-Concern Worldwide Regional Director Brid Kennedy
Concern has launched an urgent emergency appeal to respond to the tremendous damage caused by yesterday's earthquake in Haiti that measured 7.0 on the Richter scale.
Thousands are feared dead after the quake, which hit Haiti just before 5pm EST on January 12, destroying buildings and wreaking havoc in the congested capital of Port au Prince, 10 miles from the quake's epicenter in Carrefour-a mountainous suburb of shantytowns that extend a mile up from the valley floor-located just minutes from where Concern works.
Concern's emergency response team in Haiti are being supplemented over the coming hours by Concern US Operations Director Dominic MacSorley as well as additional staff. They will be involved in search and rescue and will be assessing the situation on the ground in the capital Port-au-Prince, the town of Saut d'Eau, and on the island of La Gonave, over the next few days. Concern Worldwide Regional Director Brid Kennedy said in a statement last night that "Food, water, shelter and medicine are the immediate priorities for those who have survived this catastrophe. It has been difficult in the darkness of last night and before dawn today to establish the full extent of this appalling tragedy. Phone lines are down, but to the best of our knowledge, most of our staff have been reported safe."
Most of the structures in Port-au-Prince's vast and overcrowded slum communities are built with raw concrete walls and metal roofs, and the majority have been utterly razed, causing widespread devastation. Hundreds of thousands of traumatized residents in the surrounding areas of Port-au-Prince have now been forced onto the streets with nowhere to go, in a disaster that has affected an estimated three million people, according to the Red Cross.
Haiti is the poorest country in the western hemisphere: in 2008, four back-to-back hurricanes affected 800,000 people and resulted in catastrophic damage to homes, crops, schools, roads, and communications infrastructure.
Yesterday's aftershocks measured 5.9 and continued to rattle the city hours after the quake; the capital Port-au-Prince was said to be in total darkness, with thousands of people left without any form of shelter and thousands more buried under rubble.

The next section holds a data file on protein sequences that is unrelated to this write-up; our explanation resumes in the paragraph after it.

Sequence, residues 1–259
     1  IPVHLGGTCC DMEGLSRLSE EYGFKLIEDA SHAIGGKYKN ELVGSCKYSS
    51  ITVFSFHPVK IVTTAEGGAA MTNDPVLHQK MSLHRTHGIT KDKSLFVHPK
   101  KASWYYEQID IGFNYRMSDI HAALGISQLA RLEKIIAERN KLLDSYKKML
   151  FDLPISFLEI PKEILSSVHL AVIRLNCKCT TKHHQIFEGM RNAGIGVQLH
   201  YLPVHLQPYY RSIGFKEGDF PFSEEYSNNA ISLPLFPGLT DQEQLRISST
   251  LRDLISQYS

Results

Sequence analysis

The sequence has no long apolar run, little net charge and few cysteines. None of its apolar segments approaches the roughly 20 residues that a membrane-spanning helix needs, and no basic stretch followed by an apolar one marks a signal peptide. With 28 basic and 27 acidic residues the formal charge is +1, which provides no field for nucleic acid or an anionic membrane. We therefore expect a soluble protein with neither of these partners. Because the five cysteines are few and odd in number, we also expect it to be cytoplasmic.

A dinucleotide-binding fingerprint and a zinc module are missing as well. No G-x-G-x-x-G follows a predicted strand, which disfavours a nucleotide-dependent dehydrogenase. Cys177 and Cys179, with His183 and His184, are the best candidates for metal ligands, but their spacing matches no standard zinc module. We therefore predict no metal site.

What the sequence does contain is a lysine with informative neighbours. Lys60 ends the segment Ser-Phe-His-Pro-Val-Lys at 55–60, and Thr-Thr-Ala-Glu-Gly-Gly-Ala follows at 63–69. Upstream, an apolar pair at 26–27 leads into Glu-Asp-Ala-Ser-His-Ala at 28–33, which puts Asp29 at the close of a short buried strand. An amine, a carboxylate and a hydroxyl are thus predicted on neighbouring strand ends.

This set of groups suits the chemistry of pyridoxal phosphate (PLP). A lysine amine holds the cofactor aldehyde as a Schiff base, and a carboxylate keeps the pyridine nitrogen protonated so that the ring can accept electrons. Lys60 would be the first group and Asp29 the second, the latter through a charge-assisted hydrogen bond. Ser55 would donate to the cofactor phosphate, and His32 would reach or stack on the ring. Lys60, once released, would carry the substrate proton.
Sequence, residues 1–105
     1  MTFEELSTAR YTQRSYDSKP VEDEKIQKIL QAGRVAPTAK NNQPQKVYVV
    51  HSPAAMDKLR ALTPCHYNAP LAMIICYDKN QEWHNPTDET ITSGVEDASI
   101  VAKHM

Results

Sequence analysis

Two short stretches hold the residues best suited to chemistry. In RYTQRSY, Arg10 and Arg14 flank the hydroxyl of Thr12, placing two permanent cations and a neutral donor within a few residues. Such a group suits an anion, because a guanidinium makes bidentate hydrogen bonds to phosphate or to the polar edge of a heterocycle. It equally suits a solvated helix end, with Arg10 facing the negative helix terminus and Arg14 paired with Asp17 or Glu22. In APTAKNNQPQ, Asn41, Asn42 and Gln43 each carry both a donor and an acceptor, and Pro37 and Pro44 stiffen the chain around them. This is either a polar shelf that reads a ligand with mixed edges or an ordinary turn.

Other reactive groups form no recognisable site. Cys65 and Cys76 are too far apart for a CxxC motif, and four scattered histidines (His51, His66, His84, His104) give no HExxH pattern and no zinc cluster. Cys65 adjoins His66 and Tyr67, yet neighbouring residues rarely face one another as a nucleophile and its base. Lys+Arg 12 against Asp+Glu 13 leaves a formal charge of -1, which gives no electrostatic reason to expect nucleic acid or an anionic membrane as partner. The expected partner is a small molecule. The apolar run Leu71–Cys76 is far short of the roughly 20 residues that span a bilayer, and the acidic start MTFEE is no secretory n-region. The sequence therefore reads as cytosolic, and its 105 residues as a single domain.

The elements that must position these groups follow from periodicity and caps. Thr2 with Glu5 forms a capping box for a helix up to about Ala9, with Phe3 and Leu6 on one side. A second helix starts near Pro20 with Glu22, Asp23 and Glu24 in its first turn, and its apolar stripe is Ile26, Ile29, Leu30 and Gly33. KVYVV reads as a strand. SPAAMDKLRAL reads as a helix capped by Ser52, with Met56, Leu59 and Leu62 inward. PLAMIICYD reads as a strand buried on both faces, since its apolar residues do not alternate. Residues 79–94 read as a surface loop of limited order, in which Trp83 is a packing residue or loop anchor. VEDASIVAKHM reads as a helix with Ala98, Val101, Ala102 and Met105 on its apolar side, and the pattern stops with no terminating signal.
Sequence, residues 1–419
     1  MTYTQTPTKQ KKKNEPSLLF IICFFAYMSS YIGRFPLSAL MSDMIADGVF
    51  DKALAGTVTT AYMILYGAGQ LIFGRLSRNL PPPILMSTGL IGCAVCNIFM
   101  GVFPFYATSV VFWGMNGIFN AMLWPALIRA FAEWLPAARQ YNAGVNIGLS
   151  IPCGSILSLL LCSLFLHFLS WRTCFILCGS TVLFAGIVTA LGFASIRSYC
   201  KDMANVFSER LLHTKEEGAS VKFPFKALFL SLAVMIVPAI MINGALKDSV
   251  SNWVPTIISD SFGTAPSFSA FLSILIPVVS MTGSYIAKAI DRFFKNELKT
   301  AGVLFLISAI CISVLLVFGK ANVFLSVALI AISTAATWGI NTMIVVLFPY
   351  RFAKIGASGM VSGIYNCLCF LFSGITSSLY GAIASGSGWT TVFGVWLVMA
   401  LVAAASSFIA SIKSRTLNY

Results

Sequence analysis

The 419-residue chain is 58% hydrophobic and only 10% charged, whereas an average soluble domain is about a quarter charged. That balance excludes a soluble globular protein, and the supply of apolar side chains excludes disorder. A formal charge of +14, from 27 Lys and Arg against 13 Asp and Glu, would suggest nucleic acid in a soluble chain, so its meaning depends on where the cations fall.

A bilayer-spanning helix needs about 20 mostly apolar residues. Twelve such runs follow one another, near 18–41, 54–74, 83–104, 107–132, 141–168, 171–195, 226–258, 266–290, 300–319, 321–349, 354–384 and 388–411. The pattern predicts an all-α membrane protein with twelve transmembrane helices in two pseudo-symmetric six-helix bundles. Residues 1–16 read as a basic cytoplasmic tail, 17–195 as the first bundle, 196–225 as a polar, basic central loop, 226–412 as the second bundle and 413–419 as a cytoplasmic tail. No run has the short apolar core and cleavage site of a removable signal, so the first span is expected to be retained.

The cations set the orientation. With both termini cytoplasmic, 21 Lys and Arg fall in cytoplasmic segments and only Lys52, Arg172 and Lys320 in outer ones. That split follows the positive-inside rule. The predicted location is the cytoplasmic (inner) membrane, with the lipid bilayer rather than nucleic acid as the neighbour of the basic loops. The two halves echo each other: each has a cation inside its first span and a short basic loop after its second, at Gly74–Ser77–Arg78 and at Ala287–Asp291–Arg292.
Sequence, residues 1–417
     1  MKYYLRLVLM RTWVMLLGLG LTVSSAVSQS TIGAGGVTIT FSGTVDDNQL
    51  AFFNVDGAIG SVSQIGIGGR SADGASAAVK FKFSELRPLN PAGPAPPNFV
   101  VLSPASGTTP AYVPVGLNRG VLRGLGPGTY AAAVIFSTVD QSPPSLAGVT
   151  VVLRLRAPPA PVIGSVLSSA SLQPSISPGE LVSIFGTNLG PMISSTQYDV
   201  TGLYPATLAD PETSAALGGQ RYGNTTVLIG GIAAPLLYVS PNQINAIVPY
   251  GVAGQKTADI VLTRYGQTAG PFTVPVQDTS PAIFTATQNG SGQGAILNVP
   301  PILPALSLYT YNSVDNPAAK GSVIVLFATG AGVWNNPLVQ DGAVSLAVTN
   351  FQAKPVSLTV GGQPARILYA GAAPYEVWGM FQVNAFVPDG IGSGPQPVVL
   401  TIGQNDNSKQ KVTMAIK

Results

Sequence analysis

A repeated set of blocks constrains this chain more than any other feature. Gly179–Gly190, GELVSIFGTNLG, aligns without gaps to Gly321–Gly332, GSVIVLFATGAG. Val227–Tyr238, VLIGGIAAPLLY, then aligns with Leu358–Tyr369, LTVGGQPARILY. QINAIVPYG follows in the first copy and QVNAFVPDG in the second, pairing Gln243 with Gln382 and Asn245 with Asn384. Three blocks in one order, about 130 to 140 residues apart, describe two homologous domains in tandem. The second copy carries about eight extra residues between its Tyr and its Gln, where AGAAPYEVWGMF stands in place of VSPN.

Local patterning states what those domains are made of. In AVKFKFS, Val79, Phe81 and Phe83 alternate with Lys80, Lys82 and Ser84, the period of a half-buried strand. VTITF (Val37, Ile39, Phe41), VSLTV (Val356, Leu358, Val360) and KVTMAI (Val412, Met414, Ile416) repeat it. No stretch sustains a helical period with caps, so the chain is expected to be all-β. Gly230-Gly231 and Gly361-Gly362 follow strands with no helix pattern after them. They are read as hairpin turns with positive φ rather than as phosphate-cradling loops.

Telephone and power lines were down, making it difficult communicate and assess the full extent of the damage, although attempts are being made to dig people out from the rubble of fallen buildings, among them, the five-story United Nations building in which at least five UN staff have been confirmed dead with several more missing, a three-storey hospital in Petion Ville, the presidential palace, and several more government buildings and international embassies. Haiti's envoy to the US said the cost of the damage could run into billions.
Concern's Response: Immediate Priorities
Concern's emergency team on the ground in Haiti is assessing damage and working to meet the most urgent survival needs of those affected. Our immediate response includes the following activities:
Search and rescue efforts to reach those trapped, stranded by the quake
Assessment of most urgent survival needs for affected populations in Port-au-Prince, Saut d'Eau, and the island of La Gonave
Distributing water, food, shelter, and medicine to families in greatest need
Continuing to assess and monitor the impact of the crisis and respond as needed in the coming days and weeks
Concern in Haiti
Concern has been active in emergency relief, development and disaster prevention work in Haiti since 1994 following Hurricane Gordon where it implemented an emergency response. Since then the programme has evolved to include long term development programming as well as emergency interventions. Concern presently intervenes in 3 geographical areas: La Gonâve, Central Plateau (based in Saut d'Eau) and poor neighborhoods in Port-au-Prince.
Past Emergency Response
Concern Worldwide Haiti has worked with the national civil protection authorities to establish and train local civil protection committees. In the past, our emergency work has involved the distribution of NFIs and water and we are establishing integrated CTC programmes for severely malnourished children in urban areas.
2009 Emergency Response
distribution of seeds and tools, cash for work activities related to agriculture and watershed protection targeting 3,000 poor farming families in the commune of Saut d'Eau (Aug '08-April '09)
3,601 poor La Gonâve households hit by food insecurity and hurricanes helped with distribution of seeds, tools, goats, fishing supplies and vouchers to boost trade in basic food commodities; cash for work activities relating to agriculture and watershed protection;
1,200 poor La Gonâve and Saut d'Eau residents hit by food insecurity and hurricanes helped with distribution of 200 construction kits and training (Dec'08-May '09)
Reconstruction of 3 classrooms in 3 hurricane-damaged schools in Saut d'Eau and improvements to 6 schools on La Gonave